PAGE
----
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Step 4: Propose a scheme for evaluating causal variables

  1. Theory 2
  2. Classificatory Theories
  3. Explanatory Theories
  4. Building A Classification Theory
  5. Building An Explanatory Theory
  6. Step 2: Identify causal factors
  7. Step 3: Trace interactions among variables
  8. Step 4: Propose a scheme for evaluating causal variables
  9. Adapting And Revising Theories

Step 4: Propose a scheme for evaluating causal variables

If we are to render our theory useful for judging bicultural people's selfidentities and in understanding the process through which those identities evolve, we need to establish a way to assess the status of the three life-condition variables and the four additional process variables.

To begin, we assume that each of those variables represents a scale and that a bicultural person's perceptions can be located at a particular place on each scale at any given time of life. In Figure 5-2 we diagram the first three scales and demonstrate how they may serve to display different individuals' perceptions of the three causal factors. We illustrate the use of the scales by showing how hypothetical information could be charted. For instance, we can show how, in the eyes of a bicultural boy,

  1. his mother's culture (Group A) is seen as more advantageous than his father's (Group B),
  2. his mother's relatives (Family A) treat him better than do his father's relatives (Family B), and
  3. nonfamily members of his father's culture (Cultural Group B) are more consistent in their treatment of him than are nonfamily members of his mother's culture (Cultural Group A), some of whom treat him well, some moderately well, and some rather badly.

We can create similar scales for displaying the additional variables: (a) the bicultural person's interpretation of how life conditions affect her or his welfare, (b) the individual's behavior as influenced by self-identity, (c) other people's reactions to such behavior, and (d) the individual's interpretation of such reactions.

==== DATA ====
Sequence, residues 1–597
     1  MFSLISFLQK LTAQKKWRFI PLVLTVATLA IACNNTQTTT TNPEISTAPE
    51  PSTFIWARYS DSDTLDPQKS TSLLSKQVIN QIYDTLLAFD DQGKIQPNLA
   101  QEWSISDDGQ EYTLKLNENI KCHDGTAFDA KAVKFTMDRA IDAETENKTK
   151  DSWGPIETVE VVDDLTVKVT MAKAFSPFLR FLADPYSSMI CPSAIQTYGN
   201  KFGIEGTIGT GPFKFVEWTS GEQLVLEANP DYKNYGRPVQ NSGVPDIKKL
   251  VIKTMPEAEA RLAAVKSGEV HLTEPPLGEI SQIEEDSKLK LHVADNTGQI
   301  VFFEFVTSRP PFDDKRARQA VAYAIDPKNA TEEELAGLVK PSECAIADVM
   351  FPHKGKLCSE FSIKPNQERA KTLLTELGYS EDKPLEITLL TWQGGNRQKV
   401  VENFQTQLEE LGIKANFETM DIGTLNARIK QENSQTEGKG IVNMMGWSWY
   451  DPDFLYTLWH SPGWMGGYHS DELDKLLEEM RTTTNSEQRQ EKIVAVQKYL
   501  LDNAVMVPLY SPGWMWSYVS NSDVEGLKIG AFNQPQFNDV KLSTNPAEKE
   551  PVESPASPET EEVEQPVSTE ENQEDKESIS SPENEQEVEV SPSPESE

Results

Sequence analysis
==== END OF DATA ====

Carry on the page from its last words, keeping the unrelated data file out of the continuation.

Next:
Step 5 & 6: Devise and apply assessment methods

Finally, the task of rendering our operation by creating specific techniques for evaluating the variables and their interactions and applying those techniques to bicultural people's self-identity is a daunting assignment that we won't attempt here. Instead, we will simply note that a thesis or dissertation may either involve performing only the first three steps of the theory development process or consist of all five steps. The latter option is obviously the more difficult, but it produces more useful knowledge.

Explanatory Theory Resources

The following books illustrate explanatory theories in various academic fields.

Chafetz J. S. ( 1978). A Primer on the Construction and Testing of Theories in Sociology. Itasca, IL: Peacock.
Demaine J. ( 1981). Contemporary Theories in the Sociology of Education. London: Macmillan.
Hall C. S., Lindzey G., & Campbell J. B. ( 1998). Theories of Personality. New York: Wiley.
Hilgard E. R., & Bower G. ( 1981). Theories of Learning ( 5th ed). Cliffs, NJ: Prentice-Hall.
Miller P. H. ( 1993). Theories of Development Psychology ( 3rd ed). New York: Freeman.
Thomas R. M. ( 2000). Comparing Theories of Child Development ( 5th ed). Belmont, CA: Wadsworth.
Thomas R. M. ( 1997). Moral Development Theories–Secular and Religious. Westport, CT: Greenwood.

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